While many people with mild to moderate nonfluent aphasia show aided effects (that is, they produce better speech when using SentenceShaper than they can produce without the prosthesis), these effects do not always carry over into treatment effects (that is, their spontaneous, unaided speech may or may not improve). And people who do show treatment effects – that is, improvements in their spontaneous, unaided speech in laboratory tasks such as retelling narratives – may still experience great difficulty in stressful or highly interactive contexts. Thus treatment effects may be evident in certain social situations but not in others.
Regarding functional use, the literature on Augmentative and Alternative Communication (AAC) has documented that considerable support by family members, clinicians, or volunteers may be required to generalize aided effects from the laboratory to real-life, functional situations.
Another important caveat is that the research studies with the program to date have been relatively small. Larger studies will be required to determine SentenceShaper’s effectiveness for different populations, taking into account not only language impairments but attentional and memory problems as well.
Also unclear is the program’s “mechanism of action”…when it works well, WHY does it work? This, too, is likely to vary across individuals. Some may benefit from the memory support, which may allow them to perform language tasks (such as sentence or narrative construction) that would otherwise be impossible. Others may benefit from the opportunity to self-monitor. Still others may learn effective strategies from the program, such as “bootstrapping” from prepositions or consciously seeking opportunities to evoke a cloze effect.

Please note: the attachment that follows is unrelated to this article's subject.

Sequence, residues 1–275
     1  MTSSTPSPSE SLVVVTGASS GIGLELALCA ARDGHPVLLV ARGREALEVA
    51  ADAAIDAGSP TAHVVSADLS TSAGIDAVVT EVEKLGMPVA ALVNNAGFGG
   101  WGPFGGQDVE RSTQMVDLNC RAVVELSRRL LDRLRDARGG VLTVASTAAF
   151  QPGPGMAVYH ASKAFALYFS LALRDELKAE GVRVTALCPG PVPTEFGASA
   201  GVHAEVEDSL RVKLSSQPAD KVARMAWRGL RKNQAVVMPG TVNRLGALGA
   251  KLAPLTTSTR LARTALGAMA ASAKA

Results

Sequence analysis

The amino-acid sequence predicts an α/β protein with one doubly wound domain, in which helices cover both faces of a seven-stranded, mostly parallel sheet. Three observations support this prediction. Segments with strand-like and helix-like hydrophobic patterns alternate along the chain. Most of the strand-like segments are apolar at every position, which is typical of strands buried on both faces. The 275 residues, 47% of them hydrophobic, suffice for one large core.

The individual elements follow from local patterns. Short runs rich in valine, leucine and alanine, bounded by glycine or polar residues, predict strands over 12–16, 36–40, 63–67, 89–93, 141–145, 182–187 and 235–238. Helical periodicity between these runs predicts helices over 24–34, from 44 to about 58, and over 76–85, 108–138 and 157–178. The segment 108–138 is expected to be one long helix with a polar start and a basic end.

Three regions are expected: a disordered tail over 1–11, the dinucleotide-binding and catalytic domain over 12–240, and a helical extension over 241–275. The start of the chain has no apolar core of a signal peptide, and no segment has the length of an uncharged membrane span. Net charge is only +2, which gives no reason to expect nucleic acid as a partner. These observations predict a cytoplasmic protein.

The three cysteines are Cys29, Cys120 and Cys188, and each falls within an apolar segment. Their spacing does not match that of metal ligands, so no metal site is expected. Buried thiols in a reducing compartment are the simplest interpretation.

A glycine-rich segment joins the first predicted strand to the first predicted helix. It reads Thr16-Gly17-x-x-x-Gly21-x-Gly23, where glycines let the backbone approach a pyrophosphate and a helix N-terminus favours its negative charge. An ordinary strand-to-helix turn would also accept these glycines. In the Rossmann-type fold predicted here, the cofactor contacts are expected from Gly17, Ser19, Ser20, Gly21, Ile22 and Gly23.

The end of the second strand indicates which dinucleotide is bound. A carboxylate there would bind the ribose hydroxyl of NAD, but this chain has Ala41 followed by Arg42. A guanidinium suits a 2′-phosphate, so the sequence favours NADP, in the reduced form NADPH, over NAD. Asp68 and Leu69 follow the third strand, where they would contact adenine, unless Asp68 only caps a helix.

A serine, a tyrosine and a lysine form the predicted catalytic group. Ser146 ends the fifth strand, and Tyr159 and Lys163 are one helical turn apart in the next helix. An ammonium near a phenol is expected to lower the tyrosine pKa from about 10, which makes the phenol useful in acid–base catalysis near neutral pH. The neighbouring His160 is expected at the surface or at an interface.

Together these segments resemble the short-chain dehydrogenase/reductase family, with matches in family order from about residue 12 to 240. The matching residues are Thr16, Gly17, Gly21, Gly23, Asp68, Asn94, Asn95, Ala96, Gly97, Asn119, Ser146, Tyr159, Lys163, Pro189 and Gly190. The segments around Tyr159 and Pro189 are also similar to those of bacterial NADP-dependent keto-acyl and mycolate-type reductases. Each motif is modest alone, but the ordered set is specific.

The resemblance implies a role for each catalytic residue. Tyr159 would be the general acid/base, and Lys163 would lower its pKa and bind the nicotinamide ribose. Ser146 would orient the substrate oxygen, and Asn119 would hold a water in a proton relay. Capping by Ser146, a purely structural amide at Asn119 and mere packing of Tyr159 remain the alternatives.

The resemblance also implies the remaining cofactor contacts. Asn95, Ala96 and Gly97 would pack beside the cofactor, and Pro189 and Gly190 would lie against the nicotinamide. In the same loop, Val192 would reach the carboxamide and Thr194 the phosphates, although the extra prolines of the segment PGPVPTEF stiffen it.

Another caveat is that SentenceShaper has only been studied with nonfluent aphasia. There are hints (but no data as yet) that it may be useful for people with apraxia of speech and developmental language disorders.
In addition, as noted in the section about research on treatment effects, treatment studies with SentenceShaper have focused upon a narrative-based protocol: people used the program to construct narratives, such as retelling TV shows or life events. But, in fact, the program could be used to implement a variety of treatments: for example, script training (Holland, Milman, Munoz, & Bays, 2002) or Verb Network Strengthening Treatment (VNeST; Emonds, Nadeau, Kiran, 2009). Its efficacy with these and other protocols is unknown.
Please feel free to contact us if you are planning to use SentenceShaper in a research study; will will be happy to provide any support you may need in working with the program. We are also planning to make available to researchers some data logging tools that record every user action while running the program, as well as usage times and so forth.